Friday 19 July 2013

British Ambassador calls on energy monitoring & management company in Galway

Recently, Dominick Chilcott, the British Ambassador to Ireland, paid a visit to Meterlogix in Galway, the nearest city to the Read-out Signpost. Meterlogix are an energy monitoring and management company who help businesses reduce their power usage, and so save money.

Mr Chilcott was in Galway for an event in the university (NUIG) and wanted to meet some of the interesting companies based in Galway that are working with the British Trade and Investment Dept (UKTI) and the British Embassy suggested Meterlogix.

‘I was a bit surprised when the Embassy asked me to meet the Ambassador!’ says Ollie Walsh, Managing Director of Meterlogix, ‘but delighted to welcome him to our offices. Initially I had assumed it would be a quick photo opportunity, but he stayed for an hour and we had a good conversation about opportunities for Irish companies in the UK and UKTI supports available for them.’

Meterlogix launched their British office in Sheffield earlier this year and have had several meetings with the Embassy since then. ‘Every new company needs support and advice, regardless of the company’s existing experience’ claims Walsh, ‘at Meterlogix, we are happy to listen to all the advice offered to us. We have had meetings with Galway City and County Enterprise Board, we are a HPSU Client with Enterprise Ireland and have had initial conversations with InterTrade Ireland on setting up in UK and the North, but we have found the UKTI services complement what we are receiving here. Enterprise Ireland are helping us with introductions in Britain, UKTI are helping with additional introductions, both organisations let us use their facilities for meetings, so where Enterprise Ireland don’t have an office, we can use UKTI offices. Being able to organise a meeting in either offices lends weight to our business.’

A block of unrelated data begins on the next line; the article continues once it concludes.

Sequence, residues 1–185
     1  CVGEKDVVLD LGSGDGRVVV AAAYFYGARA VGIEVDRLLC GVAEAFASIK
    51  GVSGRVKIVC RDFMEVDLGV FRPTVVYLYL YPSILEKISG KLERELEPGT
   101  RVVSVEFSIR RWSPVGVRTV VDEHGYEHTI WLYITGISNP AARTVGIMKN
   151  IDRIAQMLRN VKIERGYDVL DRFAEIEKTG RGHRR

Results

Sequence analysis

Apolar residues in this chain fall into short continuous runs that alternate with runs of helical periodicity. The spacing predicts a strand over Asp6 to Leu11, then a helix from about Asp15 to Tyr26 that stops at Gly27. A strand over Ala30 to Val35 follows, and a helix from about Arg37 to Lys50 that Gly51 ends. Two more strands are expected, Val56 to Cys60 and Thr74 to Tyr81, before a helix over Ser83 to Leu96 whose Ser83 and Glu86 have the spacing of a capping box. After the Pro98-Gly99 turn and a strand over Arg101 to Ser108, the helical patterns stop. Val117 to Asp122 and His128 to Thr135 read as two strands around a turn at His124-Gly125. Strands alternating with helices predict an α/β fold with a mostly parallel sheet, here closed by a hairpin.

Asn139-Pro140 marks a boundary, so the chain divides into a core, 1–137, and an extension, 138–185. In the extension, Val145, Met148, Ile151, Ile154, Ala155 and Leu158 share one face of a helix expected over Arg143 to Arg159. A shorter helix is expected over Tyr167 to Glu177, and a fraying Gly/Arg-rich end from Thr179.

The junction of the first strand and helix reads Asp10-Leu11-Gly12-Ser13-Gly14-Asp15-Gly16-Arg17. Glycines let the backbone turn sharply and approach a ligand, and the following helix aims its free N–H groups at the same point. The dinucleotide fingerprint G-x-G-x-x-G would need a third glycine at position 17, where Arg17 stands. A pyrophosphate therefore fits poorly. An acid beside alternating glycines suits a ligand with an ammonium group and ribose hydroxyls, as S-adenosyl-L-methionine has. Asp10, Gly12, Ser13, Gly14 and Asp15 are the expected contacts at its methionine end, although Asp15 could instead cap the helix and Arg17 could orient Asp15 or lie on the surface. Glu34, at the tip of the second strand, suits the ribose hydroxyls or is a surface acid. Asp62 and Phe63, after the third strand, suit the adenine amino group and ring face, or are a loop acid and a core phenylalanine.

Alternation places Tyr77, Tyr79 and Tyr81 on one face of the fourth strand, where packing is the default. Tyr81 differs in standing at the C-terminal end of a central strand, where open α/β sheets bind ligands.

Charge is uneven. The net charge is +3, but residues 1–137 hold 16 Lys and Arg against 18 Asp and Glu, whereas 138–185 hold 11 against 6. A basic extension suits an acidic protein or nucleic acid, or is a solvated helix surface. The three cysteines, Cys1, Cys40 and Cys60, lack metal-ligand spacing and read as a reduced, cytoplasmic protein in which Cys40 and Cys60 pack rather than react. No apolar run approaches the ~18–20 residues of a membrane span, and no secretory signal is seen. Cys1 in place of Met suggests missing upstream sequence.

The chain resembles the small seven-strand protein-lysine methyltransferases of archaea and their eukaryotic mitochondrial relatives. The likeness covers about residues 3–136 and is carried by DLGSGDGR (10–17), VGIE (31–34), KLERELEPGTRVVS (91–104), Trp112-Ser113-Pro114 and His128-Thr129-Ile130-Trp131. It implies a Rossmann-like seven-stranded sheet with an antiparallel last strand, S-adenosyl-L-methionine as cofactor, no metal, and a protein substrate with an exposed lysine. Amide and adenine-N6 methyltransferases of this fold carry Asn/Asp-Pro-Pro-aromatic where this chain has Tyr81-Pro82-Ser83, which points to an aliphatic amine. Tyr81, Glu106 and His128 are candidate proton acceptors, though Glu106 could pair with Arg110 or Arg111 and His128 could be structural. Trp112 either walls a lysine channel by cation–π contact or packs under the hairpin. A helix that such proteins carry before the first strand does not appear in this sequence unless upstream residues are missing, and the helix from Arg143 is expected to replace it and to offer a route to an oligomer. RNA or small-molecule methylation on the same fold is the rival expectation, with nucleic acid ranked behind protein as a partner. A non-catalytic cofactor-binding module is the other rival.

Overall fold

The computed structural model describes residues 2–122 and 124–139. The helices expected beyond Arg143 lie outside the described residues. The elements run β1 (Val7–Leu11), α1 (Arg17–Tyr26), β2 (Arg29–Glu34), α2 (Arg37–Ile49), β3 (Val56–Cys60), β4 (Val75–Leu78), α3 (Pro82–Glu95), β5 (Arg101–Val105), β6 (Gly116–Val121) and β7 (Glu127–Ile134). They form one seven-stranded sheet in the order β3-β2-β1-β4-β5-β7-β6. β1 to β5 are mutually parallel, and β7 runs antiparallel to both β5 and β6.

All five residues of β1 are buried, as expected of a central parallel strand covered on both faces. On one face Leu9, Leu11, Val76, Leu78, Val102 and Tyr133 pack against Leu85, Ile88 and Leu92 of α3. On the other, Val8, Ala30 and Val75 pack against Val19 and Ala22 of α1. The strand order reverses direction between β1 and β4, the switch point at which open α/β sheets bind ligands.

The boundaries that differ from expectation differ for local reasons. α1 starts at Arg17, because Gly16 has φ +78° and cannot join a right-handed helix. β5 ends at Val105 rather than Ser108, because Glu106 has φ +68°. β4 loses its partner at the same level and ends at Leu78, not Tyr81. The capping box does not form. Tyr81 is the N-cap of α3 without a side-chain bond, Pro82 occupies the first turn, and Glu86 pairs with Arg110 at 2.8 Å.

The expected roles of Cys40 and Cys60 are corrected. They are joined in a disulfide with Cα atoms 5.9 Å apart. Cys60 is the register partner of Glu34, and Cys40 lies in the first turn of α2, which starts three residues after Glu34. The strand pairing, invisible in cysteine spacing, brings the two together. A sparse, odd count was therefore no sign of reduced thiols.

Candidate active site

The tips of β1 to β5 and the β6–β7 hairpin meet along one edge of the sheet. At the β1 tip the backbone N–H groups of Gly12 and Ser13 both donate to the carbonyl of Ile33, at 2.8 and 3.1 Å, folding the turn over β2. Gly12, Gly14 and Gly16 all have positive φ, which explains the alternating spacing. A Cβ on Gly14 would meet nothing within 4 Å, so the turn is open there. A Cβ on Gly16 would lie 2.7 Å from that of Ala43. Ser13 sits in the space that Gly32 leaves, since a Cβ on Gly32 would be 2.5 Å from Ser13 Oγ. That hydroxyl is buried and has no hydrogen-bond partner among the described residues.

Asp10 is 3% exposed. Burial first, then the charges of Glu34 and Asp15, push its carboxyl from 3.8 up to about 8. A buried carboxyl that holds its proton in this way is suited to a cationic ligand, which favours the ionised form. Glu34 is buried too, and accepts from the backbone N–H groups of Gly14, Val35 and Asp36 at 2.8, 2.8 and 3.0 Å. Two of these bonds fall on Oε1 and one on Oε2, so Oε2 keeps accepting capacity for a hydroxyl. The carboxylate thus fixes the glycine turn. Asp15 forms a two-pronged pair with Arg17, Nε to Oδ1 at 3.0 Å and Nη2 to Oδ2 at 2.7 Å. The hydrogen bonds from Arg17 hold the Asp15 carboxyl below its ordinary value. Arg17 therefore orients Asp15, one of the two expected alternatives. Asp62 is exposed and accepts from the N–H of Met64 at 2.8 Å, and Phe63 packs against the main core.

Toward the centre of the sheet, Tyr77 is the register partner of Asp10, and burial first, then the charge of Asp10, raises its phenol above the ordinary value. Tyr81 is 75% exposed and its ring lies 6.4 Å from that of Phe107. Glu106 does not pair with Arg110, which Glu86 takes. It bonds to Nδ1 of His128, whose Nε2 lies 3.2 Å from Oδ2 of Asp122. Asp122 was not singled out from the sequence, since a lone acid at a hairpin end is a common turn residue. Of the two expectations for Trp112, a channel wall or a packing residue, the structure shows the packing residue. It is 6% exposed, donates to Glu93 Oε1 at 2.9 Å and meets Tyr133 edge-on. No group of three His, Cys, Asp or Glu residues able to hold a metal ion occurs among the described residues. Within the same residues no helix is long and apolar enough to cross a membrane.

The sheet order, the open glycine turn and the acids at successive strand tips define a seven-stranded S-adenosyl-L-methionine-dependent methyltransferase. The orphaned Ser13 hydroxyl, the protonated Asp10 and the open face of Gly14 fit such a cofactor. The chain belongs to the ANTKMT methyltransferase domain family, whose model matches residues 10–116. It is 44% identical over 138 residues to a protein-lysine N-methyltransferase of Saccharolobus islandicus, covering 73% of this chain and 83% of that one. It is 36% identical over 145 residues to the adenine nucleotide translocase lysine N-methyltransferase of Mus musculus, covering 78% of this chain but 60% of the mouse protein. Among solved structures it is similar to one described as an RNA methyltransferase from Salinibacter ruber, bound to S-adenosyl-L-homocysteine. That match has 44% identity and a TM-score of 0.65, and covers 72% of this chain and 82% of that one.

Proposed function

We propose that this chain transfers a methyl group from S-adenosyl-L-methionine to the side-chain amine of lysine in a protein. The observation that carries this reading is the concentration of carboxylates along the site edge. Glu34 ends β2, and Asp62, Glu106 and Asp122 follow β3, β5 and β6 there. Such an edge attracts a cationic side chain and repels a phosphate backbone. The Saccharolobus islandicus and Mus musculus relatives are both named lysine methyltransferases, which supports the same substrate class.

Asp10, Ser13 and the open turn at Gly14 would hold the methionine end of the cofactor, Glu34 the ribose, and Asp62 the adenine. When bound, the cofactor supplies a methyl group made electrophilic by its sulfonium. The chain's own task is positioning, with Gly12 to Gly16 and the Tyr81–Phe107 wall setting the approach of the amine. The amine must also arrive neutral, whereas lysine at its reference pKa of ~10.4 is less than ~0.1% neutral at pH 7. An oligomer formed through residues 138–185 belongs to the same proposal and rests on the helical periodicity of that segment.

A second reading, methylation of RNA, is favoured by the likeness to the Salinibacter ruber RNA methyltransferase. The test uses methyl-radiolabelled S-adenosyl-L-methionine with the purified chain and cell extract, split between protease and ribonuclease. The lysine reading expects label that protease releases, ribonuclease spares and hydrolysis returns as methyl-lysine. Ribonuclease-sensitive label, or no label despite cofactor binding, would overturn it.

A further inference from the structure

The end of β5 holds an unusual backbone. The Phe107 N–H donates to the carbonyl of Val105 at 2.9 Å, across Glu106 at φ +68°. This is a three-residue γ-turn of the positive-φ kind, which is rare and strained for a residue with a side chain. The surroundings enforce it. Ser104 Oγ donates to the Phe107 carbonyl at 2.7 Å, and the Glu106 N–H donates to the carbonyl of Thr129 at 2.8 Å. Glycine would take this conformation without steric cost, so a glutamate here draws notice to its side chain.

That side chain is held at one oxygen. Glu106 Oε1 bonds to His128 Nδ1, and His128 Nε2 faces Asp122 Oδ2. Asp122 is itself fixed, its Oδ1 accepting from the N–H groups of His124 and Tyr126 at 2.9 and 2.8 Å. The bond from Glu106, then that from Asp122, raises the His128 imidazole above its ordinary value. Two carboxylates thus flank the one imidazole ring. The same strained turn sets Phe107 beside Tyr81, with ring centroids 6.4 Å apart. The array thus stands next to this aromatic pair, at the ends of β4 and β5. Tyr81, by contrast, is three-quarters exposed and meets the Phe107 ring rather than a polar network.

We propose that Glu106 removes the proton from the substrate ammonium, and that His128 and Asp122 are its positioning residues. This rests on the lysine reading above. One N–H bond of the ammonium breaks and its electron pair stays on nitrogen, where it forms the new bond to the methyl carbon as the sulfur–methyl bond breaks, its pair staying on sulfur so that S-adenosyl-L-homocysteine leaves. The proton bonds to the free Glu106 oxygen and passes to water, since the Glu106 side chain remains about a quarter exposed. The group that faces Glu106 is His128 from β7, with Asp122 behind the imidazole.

According to Ambassador Chilcott, ‘UKTI is very interested in helping Irish businesses develop and grow. As we see it, our two economies are very closely linked so what is good for the Irish economy is generally good for the UK economy’

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